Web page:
Sound transmission through concrete floors and suspended ceiling system : a vibroacoustic analysis : a Thesis submitted in partial fulfillment of the requirements for the degree of Doctor of Philosophy of Mechanical Engineering

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dc.contributor.advisor Halkyard, C.R. en
dc.contributor.advisor Dodd, G. en
dc.contributor.author Scelo, Thomas en
dc.date.accessioned 2020-07-08T05:00:47Z en
dc.date.available 2020-07-08T05:00:47Z en
dc.date.issued 2007 en
dc.identifier.uri http://hdl.handle.net/2292/52214 en
dc.description Full text is available to authenticated members of The University of Auckland only. en
dc.description.abstract The understanding of the sound transmission mechanisms through suspended ceilings beneath concrete floors is today essentially of empirical nature, or originating from prediction models the level of simplificatlon of which is a significant obstacle to their widespread application. The prediction and control of sound transmission through suspended ceilings beneath concrete floors requires the knowledge of the forces, moments and sound pressures present within and acting on the structure. The interactions between the different components of such a floor are yet to be understood, particularly at low frequencies where the modal effects associated with the finite size of the structure need to be considered. By proposing a theoretical model describing these mechanisms, this thesis aims at providing a deeper appreciation of these components' contribution to the sound transmission. The finite dimensions of the structure a.re taken into consideration by adopting a modal approach whereby the displacements and pressure fields are expanded into infinite series of admissible functions. By expressing these quantities as functions of the displacement fields of the concrete floor and ceiling panel, coupling terms describing the interactions between the different components are obtained and from which a substantial amount of information is extracted. The coupled equations governing the motions and sound pressures within the structure are then written as a set of matrix equations, the only unknowns of which are the expansion coefficients for the displacements of the concrete floor and ceiling panel. Finally, the solutions are calculated numerically. It is shown that the solution is applicable to non-periodic geometries and thus opens the door to a new range of investigations on the dynamics of non periodic finite double plate structures. Once the model is experimentally validated, a parametric analysis is conducted on the effects of the material properties, the geometry and the design characteristics of the structure. The parameters that affect the most the sound insulation of the system are identified and their effects are quantified. en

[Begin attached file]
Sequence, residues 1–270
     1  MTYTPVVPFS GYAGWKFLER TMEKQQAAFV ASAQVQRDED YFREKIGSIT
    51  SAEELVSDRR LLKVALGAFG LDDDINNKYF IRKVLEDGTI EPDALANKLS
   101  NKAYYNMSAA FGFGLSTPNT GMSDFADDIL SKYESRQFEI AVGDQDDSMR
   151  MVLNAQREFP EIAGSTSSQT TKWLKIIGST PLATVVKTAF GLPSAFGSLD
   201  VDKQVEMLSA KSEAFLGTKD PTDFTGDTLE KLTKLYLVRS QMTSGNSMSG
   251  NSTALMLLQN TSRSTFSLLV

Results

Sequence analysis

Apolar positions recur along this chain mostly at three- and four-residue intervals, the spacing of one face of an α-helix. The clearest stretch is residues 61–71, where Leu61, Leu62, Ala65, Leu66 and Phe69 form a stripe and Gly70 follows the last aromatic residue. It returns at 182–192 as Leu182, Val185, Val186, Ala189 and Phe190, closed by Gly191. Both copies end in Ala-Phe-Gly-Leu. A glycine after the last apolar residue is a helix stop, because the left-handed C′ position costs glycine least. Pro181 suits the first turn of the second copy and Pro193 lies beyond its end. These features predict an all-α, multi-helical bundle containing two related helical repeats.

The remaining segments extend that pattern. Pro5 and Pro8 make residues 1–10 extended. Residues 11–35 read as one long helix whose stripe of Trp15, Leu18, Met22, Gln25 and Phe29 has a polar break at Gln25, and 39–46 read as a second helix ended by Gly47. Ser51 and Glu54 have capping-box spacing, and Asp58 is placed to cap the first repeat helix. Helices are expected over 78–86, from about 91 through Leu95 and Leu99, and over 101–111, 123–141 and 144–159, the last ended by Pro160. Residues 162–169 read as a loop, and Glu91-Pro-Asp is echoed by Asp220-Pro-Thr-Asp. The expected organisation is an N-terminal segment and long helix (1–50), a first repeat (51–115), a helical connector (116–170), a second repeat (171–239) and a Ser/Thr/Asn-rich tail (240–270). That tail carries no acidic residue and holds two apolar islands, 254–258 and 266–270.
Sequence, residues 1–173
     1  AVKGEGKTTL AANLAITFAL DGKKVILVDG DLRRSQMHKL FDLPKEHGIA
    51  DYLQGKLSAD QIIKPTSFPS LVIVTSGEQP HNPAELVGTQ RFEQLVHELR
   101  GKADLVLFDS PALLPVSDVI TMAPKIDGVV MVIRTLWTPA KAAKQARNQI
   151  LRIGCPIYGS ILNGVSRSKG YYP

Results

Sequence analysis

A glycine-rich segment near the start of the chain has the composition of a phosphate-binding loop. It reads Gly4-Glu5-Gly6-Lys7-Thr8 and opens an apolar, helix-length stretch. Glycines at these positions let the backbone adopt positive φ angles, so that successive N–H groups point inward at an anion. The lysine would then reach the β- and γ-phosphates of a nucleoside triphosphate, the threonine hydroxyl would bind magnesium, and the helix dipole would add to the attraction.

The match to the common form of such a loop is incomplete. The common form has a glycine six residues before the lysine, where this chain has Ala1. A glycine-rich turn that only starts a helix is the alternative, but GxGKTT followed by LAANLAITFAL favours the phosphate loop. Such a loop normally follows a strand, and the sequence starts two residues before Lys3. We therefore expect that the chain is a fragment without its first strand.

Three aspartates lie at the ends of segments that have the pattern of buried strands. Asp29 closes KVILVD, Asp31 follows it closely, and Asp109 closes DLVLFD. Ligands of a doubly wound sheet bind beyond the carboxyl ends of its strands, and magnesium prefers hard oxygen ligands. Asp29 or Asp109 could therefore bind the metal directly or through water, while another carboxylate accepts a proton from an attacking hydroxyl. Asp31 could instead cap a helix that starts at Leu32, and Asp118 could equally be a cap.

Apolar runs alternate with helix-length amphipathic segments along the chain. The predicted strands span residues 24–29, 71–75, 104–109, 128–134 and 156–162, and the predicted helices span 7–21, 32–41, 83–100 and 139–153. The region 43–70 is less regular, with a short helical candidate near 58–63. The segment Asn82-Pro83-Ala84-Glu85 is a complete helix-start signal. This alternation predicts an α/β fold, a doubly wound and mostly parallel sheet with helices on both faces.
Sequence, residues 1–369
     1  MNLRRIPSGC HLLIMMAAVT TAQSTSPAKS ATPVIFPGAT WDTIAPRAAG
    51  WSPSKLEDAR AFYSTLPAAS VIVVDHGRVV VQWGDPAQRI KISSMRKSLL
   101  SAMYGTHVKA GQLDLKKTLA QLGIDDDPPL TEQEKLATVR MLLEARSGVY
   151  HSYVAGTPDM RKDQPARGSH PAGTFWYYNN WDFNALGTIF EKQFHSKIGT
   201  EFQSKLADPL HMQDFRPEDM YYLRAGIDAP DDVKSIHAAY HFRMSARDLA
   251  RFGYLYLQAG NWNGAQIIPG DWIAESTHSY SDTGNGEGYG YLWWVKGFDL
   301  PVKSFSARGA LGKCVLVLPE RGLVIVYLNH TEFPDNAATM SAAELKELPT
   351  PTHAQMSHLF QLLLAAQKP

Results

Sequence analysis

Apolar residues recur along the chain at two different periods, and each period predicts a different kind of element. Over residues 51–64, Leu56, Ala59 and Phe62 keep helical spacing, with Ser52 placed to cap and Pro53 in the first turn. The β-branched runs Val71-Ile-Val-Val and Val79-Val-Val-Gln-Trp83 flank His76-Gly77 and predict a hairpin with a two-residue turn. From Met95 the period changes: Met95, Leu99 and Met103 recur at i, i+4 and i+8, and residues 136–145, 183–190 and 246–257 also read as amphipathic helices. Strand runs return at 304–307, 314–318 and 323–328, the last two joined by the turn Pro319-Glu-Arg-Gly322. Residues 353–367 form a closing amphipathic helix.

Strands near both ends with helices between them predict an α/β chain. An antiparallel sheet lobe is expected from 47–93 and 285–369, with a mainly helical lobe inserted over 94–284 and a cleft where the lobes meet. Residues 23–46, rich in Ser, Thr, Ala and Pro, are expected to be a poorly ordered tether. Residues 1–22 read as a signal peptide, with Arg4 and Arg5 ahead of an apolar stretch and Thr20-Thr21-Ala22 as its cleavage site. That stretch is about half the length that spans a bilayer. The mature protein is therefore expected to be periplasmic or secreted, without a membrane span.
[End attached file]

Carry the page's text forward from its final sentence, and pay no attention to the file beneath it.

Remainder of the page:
dc.publisher ResearchSpace@Auckland en
dc.relation.ispartof PhD Thesis - University of Auckland en
dc.relation.isreferencedby UoA99173434414002091 en
dc.rights Items in ResearchSpace are protected by copyright, with all rights reserved, unless otherwise indicated. en
dc.rights Restricted Item. Full text is available to authenticated members of The University of Auckland only. en
dc.rights.uri https://researchspace.auckland.ac.nz/docs/uoa-docs/rights.htm en
dc.title Sound transmission through concrete floors and suspended ceiling system : a vibroacoustic analysis : a Thesis submitted in partial fulfillment of the requirements for the degree of Doctor of Philosophy of Mechanical Engineering en
dc.type Thesis en
thesis.degree.discipline Mechanical Engineering en
thesis.degree.grantor The University of Auckland en
thesis.degree.level Doctoral en
thesis.degree.name PhD en
dc.rights.holder Copyright: The author en


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